22. Prior to 1973, interest groups often used money to buy influence in Congress. This changed when the Campaign Finance Reform Law was passed. What were the two effects the law had on interest groups?

23. PAC rules today: individuals cannot give more than $5,000 to a PAC per year, PAC’s: must have fifty members, must give to at least five federal candidates, and cannot give more than $5,000 to any one candidate per election

a. Consequence of PAC rules: more PACs!
24. PAC trends

a. Business PACS give more to Republicans than Democrats

b. Labor unions give more than 90% to Democrats

c. Ideological PAC's gives almost the same to Democrats and Republicans

25. What is a leadership PAC?

a. example: Team Majority – a leadership PAC to help fund Democratic candidates

26. What is a Super PAC?

a. example: American Crossroads: used to assist Republican candidates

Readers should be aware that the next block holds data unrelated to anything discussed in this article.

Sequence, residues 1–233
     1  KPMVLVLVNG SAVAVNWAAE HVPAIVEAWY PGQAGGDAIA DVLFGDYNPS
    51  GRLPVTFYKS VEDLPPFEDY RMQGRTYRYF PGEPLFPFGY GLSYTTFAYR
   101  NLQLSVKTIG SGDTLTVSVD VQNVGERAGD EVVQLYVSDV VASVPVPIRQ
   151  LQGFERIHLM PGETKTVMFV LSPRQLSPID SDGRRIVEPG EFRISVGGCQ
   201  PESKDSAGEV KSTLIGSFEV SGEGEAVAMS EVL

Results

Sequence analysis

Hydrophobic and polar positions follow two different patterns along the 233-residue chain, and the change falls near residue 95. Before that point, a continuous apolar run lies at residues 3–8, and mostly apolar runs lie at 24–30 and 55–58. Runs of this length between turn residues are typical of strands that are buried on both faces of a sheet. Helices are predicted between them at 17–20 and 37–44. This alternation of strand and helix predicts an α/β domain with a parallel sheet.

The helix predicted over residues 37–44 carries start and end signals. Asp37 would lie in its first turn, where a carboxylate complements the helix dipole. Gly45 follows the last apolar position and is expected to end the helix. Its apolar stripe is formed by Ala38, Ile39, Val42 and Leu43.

27. Interpret, as best you can, the following quote: “The finest Congress that money can buy”

28. How has the increase in PACs caused a limit to the success of PACs?

29. Why do members of Congress develop their own PAC’s?

30. Who sponsors over half of all PAC’s?

31. Ideological PACs: a PAC organized around an idea, philosophy, issue, or political party, not a business. They do not give as much as business PACs, but they have grown faster than business PACs in recent years.

a. Ideological PAC’s raise more money than business or labor PAC’s but spend less because business PAC’s use the profits their organizations produce
32. Explain why many people believe that PAC money is not influencing government too much.